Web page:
JOE MORTON ON ALABAMA'S NATIONAL SCHOOL REPORT CARD:
Published: Sunday, January 30, 2011, 6:55 AM
From The Huntsville Times
By Dr. Joe Morton
Special to The Times
HUNTSVILLE, Ala _ Everyone gets graded.
Students get report cards. Teachers, principals and education superintendents get evaluated.
School board members get judged at the polls.
There is no escaping a report card on K-12 education no matter who you are or what you do daily. And this is good.
The most comprehensive report card in the nation is issued each January for all 50 states and Washington, D.C., for their education performances. It is conducted by Education Week, the nation's largest and most widely read education publication, and it is entitled "Quality Counts."
It is the most thorough report because it looks at each state's progress and gives a grade on six factors. Listed below are the six factors, the leading state's grade, the U.S. average for each factor, and Alabama's grade.
- Chance for success (includes indicators such as parent education, high school graduation, family income, reading and math scores, pre-K and kindergarten enrollments.)
Massachusetts: Grade A, No. 1; U.S. average, C+; Alabama, C., No. 43.
- K-12 achievement (includes percentage of students proficient in reading and math, changes in scores from 2003-2009, and the academic poverty gap between low-income students and non low-income students).
Massachusetts: Grade B, No. 1; U.S. average, D+; Alabama, D, No. 44.
This factor deserves a little deeper look. Education Week points out that while Alabama overall is below the national average in achievement, it is a national leader in gains in reading and math over the years of 2003-2009.
Alabama's fourth grade reading improvement is No. 2 in the nation, eighth grade reading improvement is No. 17, and eighth grade math is No. 17. Also, Alabama is No. 10 in the nation in closing the academic gap for students in poverty.
- Transitions and alignment (includes school readiness, course credit alignment, work readiness, postsecondary decisions, career-tech diploma, college prep courses).
Arkansas, A, No. 1; U.S. average C+; Alabama, B- No. 14.
- School finance (includes four different equity indexes and four different spending analyses).
Wyoming, A-, No. 1; U.S. average C, Alabama, C, No. 22.
These calculations were done on available data on all 50 states before the devastating cutbacks in state funding in Alabama and many other states due to the recession. Alabama has reduced state funding for all public education by $1.5 billion (22 percent) since fiscal 2008.
- Standards, assessments and accountability (includes academic standards, student assessments, and school and school system accountability).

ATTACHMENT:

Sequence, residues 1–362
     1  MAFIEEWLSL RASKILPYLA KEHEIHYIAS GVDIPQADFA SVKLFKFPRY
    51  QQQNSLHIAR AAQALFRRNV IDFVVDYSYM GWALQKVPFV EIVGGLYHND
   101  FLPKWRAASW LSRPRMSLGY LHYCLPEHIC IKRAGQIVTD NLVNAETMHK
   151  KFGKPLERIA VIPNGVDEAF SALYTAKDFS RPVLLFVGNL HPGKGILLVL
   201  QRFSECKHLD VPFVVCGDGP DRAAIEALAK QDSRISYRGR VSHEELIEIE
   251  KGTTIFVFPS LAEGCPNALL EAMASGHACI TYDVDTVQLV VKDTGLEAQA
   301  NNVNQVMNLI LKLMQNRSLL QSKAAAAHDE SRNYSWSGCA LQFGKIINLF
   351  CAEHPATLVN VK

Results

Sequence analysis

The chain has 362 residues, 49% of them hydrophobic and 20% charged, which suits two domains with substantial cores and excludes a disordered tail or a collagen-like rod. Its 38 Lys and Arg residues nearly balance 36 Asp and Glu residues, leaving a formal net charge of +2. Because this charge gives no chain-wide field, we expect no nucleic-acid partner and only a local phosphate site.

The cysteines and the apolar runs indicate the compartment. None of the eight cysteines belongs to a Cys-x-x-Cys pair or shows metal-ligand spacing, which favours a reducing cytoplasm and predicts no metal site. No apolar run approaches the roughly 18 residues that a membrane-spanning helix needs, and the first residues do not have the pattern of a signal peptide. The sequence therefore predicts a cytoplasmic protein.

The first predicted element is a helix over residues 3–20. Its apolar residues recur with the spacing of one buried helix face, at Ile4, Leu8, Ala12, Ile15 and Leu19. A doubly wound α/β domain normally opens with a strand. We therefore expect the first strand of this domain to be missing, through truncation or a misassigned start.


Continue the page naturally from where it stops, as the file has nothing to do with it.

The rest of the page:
West Virginia, A, No. 1; U.S. average B, Alabama, A-, No. 12.
- The teaching profession (includes teacher evaluations, teacher testing, data systems to monitor quality, alternative routes to certification, pay for performance, national board certification).
South Carolina, A-, No. 1; U.S. average, C, Alabama, C+, No. 18.
So, what does all of this mean? In some categories (three) Alabama is above the national average but in my opinion the most critical of the six categories is student achievement, and we must continue to pursue better student achievement with all available energy and resources. Nothing matters more than the ability of our students to perform well academically.
Alabama has historically been a 49th or 50th ranked state in student achievement. We are no longer bringing up the rear. As the data in the report indicate, Alabama is leading or close to leading the nation in gains made. However, when one starts at the bottom and the competition is not sitting idly, the climb is difficult.
Fortunately, Alabama has the Reading Initiative; the Math, Science, and Technology Initiative; the Distance Education Initiative; and highly regarded Pre-K and Advanced Placement programs that are changing our placement forever. Regrettably, the Math and Science Initiative is funded for only half of our schools, and Pre-K and Advanced Placement are funded even less. Teachers, principals, superintendents, state and local school boards, and parents realize Alabama's students must be competitive, and we are demonstrating they can be, even under dire economic challenges.
Tens of thousands of educators and supporters know Alabama can beat the odds. That's why we have our highest ranking ever. Overall, Alabama's ranking in the "Quality Counts" report is above the national average - a first for our state.
Alabama's current overall ranking was a C+ (the U.S. average was C) placing it 25th. It's previous ranking was 31st. Alabama public education is showing great progress and great promise.
Is it good enough to be 25th? Absolutely not!
However, we are not 49th overall not even in the bottom 25. We are on new ground.
Our job as citizens is to see that we keep making progress and become a top 10 state in the nation in public education. It will take everyone pulling together to make it happen but it can and must happen.
Dr. Joe Morton is Alabama education superintendent. He may be contacted at